AMPHIBIAWEB
Pseudoeurycea rex

Subgenus: Pseudoeurycea
family: Plethodontidae
subfamily: Hemidactyliinae

© 2006 Sean Michael Rovito (1 of 25)
Conservation Status (definitions)
IUCN (Red List) Status Critically Endangered (CR)
CITES No CITES Listing
Other International Status None
National Status None
Regional Status None

 

View distribution map using BerkeleyMapper.

   

Description
Pseudoeurycea rex shows sexual dimorphism, where females are larger than males. Males reach maturity at snout-vent lengths of 35 – 39 mm, and have an average adult snout-vent length of 46 mm. Females reach maturity at snout vent lengths of 42 – 50 mm and adults average 49 mm in snout-vent length (Houck 1977). The bluntly oval head is longer than wide. The snout is swollen and the nostrils are small. There is a tubercle below the nostrils. The diameter of the eye is longer than the distance from the snout to the eye. The eyelids fold under skin behind the eye. From the lateral view, the upper jaw appears slightly concave. There are teeth on the maxilla and nine vomerine teeth that extend beyond the nostrils. There are a total of 12 - 13 costal grooves. The limbs are well developed. When the legs are appressed, there are 2 – 4 costal grooves left exposed. The digits have minimal webbing at the base and are not very flat. The relative finger lengths are 3 > 2 > 4 > 1 and the toes are 3 > 4 > 2 > 5 > 1. The base of the circular tail is constricted and the tail itself is longer than the snout-vent length. The anal lips have palpillae (Dunn 1921).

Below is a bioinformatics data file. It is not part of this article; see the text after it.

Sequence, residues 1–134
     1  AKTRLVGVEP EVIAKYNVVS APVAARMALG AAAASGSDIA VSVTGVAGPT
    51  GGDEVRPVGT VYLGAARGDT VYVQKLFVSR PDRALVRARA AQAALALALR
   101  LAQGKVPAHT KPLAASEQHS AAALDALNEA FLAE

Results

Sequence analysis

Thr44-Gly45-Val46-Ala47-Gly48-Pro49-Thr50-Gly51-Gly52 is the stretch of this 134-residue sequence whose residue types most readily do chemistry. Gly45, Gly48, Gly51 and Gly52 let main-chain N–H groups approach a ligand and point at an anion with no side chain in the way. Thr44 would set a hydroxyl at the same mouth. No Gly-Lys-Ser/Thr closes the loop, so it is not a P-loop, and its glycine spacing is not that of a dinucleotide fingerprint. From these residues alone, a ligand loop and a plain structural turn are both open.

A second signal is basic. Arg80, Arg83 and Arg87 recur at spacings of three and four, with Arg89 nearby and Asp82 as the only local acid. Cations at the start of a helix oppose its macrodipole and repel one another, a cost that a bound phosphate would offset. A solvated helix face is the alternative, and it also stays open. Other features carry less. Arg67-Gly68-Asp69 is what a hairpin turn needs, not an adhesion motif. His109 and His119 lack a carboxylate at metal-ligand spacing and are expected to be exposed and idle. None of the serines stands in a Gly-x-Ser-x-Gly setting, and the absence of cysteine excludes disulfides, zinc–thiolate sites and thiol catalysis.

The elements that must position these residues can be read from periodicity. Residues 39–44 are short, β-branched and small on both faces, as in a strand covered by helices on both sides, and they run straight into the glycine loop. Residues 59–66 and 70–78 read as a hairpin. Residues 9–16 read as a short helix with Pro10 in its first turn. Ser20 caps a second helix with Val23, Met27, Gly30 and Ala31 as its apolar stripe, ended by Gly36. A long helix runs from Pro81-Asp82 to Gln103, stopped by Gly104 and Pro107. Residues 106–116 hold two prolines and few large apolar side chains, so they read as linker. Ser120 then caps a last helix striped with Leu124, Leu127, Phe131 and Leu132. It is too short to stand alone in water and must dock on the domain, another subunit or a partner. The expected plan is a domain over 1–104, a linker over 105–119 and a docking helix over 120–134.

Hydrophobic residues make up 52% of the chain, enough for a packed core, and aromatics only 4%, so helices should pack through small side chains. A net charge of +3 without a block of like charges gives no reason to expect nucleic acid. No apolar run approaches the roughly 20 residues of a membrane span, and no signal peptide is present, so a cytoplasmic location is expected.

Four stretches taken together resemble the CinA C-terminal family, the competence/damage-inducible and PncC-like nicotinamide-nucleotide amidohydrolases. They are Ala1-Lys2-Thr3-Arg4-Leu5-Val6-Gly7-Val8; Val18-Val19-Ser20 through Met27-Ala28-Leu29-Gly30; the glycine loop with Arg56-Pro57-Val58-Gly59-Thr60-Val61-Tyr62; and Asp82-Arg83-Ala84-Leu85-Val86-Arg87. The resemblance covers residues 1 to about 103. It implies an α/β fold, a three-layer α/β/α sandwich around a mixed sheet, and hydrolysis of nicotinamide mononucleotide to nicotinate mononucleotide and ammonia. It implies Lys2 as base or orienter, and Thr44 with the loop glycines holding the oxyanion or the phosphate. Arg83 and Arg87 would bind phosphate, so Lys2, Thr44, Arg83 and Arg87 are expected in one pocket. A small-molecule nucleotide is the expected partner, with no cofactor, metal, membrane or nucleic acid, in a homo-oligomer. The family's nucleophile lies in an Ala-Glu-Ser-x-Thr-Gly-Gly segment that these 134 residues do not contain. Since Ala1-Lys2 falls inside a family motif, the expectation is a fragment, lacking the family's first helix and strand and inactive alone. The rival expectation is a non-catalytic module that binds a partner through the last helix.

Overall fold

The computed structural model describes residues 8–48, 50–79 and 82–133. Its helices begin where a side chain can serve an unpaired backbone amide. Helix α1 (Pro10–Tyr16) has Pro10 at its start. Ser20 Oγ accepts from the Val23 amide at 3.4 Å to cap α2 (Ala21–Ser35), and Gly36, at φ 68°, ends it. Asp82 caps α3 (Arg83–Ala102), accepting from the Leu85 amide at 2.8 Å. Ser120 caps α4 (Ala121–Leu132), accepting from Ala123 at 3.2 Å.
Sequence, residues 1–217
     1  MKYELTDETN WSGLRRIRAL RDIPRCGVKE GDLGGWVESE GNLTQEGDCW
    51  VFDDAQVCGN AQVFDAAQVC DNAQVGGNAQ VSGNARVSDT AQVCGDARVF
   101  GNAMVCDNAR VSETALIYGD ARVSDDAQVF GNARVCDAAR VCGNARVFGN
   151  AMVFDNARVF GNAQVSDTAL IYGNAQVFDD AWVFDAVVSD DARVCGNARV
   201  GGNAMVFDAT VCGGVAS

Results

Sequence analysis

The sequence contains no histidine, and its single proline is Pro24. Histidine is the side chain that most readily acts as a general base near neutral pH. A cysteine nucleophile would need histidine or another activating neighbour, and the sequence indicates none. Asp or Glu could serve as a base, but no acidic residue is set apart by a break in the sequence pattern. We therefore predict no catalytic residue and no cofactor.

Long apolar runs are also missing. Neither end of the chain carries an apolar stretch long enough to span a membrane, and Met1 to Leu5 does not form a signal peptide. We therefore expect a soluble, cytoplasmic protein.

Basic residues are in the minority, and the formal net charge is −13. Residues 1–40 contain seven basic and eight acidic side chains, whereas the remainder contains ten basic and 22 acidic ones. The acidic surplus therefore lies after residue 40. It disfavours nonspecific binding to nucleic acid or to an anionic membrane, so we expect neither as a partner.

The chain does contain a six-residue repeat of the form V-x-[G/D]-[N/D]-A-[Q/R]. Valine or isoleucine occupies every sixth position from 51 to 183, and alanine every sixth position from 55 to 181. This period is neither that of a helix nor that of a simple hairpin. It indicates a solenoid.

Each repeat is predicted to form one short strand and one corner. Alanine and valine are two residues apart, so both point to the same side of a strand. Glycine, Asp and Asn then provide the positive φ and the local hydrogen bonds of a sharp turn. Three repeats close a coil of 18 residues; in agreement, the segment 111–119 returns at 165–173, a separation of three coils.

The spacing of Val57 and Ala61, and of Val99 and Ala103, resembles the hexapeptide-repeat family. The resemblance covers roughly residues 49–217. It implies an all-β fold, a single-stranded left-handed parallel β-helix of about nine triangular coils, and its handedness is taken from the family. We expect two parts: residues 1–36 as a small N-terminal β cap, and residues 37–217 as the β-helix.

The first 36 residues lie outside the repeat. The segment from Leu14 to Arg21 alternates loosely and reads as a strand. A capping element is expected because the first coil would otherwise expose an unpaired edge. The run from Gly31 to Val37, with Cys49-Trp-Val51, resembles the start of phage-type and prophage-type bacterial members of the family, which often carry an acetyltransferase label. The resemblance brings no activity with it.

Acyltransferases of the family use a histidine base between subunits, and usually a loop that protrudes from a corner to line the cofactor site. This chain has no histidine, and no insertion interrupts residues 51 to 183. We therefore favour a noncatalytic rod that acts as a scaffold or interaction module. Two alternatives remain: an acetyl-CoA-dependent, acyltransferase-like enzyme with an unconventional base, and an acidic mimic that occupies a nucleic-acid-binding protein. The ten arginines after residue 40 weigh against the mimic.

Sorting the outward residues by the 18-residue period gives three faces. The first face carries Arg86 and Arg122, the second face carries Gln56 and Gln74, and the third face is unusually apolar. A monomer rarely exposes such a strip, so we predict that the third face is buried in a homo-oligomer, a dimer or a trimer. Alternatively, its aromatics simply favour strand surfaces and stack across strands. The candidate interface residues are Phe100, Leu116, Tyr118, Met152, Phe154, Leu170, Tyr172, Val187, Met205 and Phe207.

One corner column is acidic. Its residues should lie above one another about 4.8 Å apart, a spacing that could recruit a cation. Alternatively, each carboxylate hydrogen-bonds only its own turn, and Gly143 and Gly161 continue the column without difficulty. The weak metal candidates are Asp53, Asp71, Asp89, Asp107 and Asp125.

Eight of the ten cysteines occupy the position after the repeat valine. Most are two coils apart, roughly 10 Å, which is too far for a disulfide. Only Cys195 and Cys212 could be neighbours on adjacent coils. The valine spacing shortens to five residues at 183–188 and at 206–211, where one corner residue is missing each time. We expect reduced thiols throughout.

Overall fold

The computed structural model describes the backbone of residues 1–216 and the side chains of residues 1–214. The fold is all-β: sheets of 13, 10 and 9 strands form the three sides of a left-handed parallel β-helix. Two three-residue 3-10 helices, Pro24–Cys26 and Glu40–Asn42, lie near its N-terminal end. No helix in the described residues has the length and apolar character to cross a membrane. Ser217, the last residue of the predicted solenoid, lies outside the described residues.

In life, individuals are dark with an almost black coloration, their dark coloration is likely to be a form of crypsis (Dodd Jr and Brodie Jr 1976). Dunn (1921) describes the species as having pinkish gray coloration on dorsum and dorsal surfaces of the limbs and tail, gray colorations on the lateral surfaces that is marbled with white, and light grey on the ventrum with white marbling on the throat and dorsal surface of the snout.

Distribution and Habitat

Country distribution from AmphibiaWeb's database: Guatemala

 

View distribution map using BerkeleyMapper.